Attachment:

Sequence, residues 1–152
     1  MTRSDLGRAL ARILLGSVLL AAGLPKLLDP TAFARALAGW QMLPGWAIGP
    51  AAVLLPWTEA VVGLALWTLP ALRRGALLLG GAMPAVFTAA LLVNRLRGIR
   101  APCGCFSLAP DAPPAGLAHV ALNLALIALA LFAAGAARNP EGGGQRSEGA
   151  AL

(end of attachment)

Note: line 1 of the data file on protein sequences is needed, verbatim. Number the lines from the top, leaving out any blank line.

Sequence, residues 1–152